Effective Assessment:  We use a range of assessment strategies to support our students learning in Design & Technology; verbal, written, informal, formal, self, peer and teacher assessed.  Much of what we do in Design & Technology is based on dialogue between the teacher and student to assess, problem solve and perfect drawings, written pieces, dishes and physical and virtual prototypes.  This gives students a continual feedback loop that is personalised, instant and designed to help them reflect, react and therefore, make progress.  Effective questioning at different points within a lesson helps teachers to check students' understanding, identify misconceptions accurately and measure and deepen the understanding of their students.  Examples of this are no hands up rule, think, pair, share and asking students to improve upon the answers of their classmates.

Teachers' subject knowledge:  The Design & Technology department is made up of highly knowledgeable and well-qualified teachers, with a mix of collective professional experience in specialist areas spanning across several decades.  Our teachers are adept at using a range of pedagogical methods to engage and inspire the students at St Martin’s School. 

Personal development in curriculum implementation:  We aim to give students the skills they need for future learning and employment, whether that be in within engineering, construction, creative industries or food and nutrition.  Our wide and diverse subject has many transferrable skills that enable to students to succeed in a vast variety of career sectors.  Embedded within all our Design & Technology lessons and schemes of work are the personal skills and attributes we focus on at St Martin’s School to ensure every student can THRIVE; helping to develop their skills in teamwork, honesty, resilience, independence, versatility, and empathy.  Embedded in our curriculum is the study of a diversified society, the health and welfare of our planet and the ethical nature of design.  Building cultural capital through the exploration of these British values allows students to understand how they can develop their role within our wider society.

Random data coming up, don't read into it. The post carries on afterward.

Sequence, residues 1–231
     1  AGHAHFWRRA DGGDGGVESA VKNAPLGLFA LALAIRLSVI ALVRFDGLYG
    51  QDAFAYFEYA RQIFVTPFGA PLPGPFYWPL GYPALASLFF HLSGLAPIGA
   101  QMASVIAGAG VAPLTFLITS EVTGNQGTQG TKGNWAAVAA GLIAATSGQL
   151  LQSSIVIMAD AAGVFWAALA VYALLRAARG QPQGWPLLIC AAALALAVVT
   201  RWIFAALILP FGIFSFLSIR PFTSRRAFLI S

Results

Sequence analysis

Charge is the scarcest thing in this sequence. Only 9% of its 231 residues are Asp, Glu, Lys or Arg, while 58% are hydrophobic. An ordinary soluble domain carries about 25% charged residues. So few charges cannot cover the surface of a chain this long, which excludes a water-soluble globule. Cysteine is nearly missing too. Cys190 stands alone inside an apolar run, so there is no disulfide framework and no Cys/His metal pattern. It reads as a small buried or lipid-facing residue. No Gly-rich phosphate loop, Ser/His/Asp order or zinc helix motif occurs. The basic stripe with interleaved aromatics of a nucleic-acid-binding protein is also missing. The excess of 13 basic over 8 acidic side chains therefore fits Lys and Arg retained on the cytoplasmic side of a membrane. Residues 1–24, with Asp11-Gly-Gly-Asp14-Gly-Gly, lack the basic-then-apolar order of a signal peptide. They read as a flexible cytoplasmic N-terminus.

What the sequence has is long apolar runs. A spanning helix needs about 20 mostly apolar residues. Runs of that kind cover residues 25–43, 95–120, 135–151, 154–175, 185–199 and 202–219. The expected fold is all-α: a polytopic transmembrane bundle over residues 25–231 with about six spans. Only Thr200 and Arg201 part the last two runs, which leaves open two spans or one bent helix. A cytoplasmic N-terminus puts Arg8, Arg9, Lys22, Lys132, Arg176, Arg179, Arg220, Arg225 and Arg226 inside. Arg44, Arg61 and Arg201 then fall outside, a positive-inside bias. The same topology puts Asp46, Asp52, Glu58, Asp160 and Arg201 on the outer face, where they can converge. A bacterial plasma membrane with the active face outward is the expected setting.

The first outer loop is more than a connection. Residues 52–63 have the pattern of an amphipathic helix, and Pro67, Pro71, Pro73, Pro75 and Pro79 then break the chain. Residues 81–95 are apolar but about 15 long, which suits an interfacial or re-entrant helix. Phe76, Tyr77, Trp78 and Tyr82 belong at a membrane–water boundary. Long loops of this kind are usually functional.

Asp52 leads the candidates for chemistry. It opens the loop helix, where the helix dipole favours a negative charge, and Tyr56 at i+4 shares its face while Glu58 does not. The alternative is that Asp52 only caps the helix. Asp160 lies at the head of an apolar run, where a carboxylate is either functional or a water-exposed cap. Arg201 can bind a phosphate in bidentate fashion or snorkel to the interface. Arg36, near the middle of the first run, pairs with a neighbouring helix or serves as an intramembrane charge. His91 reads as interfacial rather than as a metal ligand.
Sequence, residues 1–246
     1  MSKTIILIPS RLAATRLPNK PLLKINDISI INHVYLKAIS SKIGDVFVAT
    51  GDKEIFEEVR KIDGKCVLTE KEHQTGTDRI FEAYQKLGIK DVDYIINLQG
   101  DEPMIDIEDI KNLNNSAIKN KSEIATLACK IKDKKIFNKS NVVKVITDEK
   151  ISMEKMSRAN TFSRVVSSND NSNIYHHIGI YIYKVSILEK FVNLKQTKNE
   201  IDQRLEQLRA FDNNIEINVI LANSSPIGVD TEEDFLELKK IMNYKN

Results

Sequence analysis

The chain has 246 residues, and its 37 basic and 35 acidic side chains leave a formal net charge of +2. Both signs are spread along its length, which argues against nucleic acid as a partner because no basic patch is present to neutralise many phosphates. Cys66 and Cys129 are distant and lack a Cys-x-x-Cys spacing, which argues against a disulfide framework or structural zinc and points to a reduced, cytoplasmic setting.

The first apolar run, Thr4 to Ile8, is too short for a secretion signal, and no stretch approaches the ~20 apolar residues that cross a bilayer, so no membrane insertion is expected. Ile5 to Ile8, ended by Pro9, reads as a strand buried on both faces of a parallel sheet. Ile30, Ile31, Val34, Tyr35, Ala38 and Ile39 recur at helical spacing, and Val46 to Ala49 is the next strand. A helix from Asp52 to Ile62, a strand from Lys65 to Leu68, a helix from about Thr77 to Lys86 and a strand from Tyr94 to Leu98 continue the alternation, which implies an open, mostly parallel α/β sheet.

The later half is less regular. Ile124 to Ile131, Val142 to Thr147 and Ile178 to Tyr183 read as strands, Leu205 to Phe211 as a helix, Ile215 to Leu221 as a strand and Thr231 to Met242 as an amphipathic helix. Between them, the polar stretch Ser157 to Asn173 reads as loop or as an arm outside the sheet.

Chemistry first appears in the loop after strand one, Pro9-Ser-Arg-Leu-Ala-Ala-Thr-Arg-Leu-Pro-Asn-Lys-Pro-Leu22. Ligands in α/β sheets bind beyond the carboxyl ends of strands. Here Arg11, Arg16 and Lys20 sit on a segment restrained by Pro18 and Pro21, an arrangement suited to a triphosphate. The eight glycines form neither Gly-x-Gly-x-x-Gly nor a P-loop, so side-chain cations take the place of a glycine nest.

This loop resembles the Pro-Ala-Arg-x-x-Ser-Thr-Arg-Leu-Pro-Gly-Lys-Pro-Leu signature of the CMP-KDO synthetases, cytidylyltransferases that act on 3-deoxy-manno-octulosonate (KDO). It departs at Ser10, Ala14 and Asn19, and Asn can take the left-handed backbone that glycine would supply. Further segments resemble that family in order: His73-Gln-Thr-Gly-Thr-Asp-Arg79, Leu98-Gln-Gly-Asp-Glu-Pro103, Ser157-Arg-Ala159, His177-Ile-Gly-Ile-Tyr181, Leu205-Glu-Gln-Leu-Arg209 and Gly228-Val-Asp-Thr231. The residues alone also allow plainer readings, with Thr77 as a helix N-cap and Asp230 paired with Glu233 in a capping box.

Students acquire the cultural capital, skills, and knowledge they need to be successful in the next stage of their life through the teaching of a well-planned curriculum, delivered by subject specialist teachers in Design & Technology.  To support our curriculum further we run afterschool STEM and food clubs at KS3 and subject specialist sessions for KS4 and KS5 pupils.

Previous students having studied one or several of the specialist Design and Technology subject areas at GCSE and A-level, have secured successful careers in games, costume, graphic and product design as well as engineering, aerospace, and catering vocations via university, direct employment, or apprenticeship schemes.  Many are often inspired by our visiting industry professionals, past student talks or our educational visits, for example the year 8 girls’ trip to Sky to celebrate the Women into Engineering Week.  We encourage and support our students to enter local and national competitions and have gained awards from the Rotary Young Chef, Rampaging Chariots and Chelmsford Engineering competitions.

Learners gain confidence in their ability through displaying their practical work in the annual Art and DT Summer Show, display cases in the school reception and by their pieces being used as exemplars to inspire other students to take pride in their work.  We are a popular subject at GCSE and A-level and have seen our cohort increase year on year allowing us to offer further specialist subjects at A-level not seen in many other local schools.  As a result of the high expectations we have of our students, results at GCSE and A-level compare favourably to national averages and have also been increasing year on year.

Design and Technology, through the unique nature of our practical work allows us to give students instant feedback and therefore, self-actualisation whilst developing their ability to articulate and critique their own ideas.  These skills along with the many transferable life skills and traditional values that Design & Technology nurtures helps students to move on from St-Martin’s as well-rounded individuals with the confidence to follow their aspirations.

Fashion & Textiles
Food Science & Nutrition
Product Design